According to family tradition, their seventh child was born in July 1893 in Hennessey, Oklahoma. The 1900 census shows the family living in Lacey, Oklahoma, a town that is about 10 miles west of Hennessey. Mary’s husband, Isaac, died in 1902 then her daughter died in 1906 and both are buried in the Lacey Cemetery. Also, in 1906 Mary owned land in Coronado Township, about 10 miles southwest of Hennessey, and was still living there for the 1910 census. (ii) Mary moved to Enid about 1917 and the census confirms that she was living in Enid with her two youngest children and another son was her neighbor in 1920. (iii) It’s seems highly probable that Mary was living southwest of Hennessey in 1912, which was the path that the tornado took. Here’s a link to a map of the Hennessey area and the green arrow is Coronado Township.
The house in the photo card labeled “house in Hennessey” looks similar in style to one of the homes in Photo A (above). Was this the home that was damaged in the cyclone? The Hennessey papers name two different Brown families affected by the tornado and one gives the initials, which tells me they were not my family, the other name is just listed as the Brown place. Unfortunately, Brown is too common a surname to know for sure. Specifically, The Hennessey Clipper, April 25, 1912 paper says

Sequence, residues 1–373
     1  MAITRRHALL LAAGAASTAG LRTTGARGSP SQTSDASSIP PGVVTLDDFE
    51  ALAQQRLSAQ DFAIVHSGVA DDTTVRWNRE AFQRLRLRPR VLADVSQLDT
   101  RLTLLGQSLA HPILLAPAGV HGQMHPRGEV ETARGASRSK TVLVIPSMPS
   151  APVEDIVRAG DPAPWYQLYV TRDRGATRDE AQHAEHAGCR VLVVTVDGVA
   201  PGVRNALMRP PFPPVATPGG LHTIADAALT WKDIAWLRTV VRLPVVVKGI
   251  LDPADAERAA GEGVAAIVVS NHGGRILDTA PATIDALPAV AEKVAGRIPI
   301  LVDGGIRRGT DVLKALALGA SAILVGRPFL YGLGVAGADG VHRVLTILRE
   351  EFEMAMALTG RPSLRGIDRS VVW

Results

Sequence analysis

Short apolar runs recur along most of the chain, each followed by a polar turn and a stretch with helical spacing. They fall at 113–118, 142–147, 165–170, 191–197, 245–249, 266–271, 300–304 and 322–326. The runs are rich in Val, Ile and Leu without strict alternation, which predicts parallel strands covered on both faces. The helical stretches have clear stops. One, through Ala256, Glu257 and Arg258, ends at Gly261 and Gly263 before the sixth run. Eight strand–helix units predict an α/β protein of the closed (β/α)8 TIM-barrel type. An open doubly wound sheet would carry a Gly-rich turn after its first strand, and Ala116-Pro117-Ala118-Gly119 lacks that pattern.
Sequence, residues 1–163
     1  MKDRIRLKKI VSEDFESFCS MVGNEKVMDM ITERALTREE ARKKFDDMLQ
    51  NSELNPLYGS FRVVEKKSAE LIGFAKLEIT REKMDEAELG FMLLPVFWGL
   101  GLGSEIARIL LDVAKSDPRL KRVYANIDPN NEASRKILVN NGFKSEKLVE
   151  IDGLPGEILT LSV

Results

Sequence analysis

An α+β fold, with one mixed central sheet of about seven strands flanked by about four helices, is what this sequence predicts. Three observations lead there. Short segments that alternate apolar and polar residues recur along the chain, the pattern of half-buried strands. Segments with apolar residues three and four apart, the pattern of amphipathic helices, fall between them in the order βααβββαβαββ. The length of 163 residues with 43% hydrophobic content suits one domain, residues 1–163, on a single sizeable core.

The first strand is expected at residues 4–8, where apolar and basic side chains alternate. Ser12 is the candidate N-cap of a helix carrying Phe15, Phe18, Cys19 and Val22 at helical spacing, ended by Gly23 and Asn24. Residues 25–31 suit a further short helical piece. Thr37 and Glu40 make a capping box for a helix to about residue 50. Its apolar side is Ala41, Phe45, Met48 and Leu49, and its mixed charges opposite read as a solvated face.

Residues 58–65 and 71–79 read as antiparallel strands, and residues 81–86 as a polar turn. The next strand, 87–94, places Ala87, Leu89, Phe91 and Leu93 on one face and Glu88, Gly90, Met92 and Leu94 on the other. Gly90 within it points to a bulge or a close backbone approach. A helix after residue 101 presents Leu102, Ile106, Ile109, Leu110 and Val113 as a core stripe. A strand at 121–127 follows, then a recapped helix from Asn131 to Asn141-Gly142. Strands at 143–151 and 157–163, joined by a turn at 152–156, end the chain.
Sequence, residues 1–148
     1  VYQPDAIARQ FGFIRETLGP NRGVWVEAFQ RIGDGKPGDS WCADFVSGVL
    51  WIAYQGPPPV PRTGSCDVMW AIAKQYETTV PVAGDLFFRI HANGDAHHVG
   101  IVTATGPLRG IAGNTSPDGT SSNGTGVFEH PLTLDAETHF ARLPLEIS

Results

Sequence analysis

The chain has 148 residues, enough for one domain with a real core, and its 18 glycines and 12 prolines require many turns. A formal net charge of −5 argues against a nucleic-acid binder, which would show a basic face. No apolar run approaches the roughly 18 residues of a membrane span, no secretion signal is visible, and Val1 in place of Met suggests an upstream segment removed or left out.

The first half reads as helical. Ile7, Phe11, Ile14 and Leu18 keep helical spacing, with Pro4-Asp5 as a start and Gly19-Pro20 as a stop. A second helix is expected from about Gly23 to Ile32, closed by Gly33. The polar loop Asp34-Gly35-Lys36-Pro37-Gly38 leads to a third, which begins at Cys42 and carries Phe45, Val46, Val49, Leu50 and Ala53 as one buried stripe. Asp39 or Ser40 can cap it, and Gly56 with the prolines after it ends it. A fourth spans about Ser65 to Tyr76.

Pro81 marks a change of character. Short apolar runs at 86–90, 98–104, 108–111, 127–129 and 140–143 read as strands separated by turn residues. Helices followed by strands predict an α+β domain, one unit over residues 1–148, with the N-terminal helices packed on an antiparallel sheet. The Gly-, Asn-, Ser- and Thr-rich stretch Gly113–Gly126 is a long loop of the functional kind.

The Brown home to the north was moved from its foundation and but slightly injured, while the Whaling residence near it, occupied by Rev. and Mrs. O.G. Brown, was whirled clear around and landed on top of the cave southeast of the foundation, the roof was broken in and the contents of the house were a jumble of fragments.
Another one of the photo cards my great Aunt has shows the damage to Eli Troyer’s place and is labeled “cyclone in Hennessey”. This same photo, of Mr. Troyer’s place, is on the front page of both of the local papers. The Hennessey Clipper’s April 25, 1912 caption under the photo says
Scene at Eli Troyer home where storm demolished house, barn, outbuildings and partially destroyed cyclone cellar in which Mr. Troyer had taken refuge, the rest of the family being absent from home.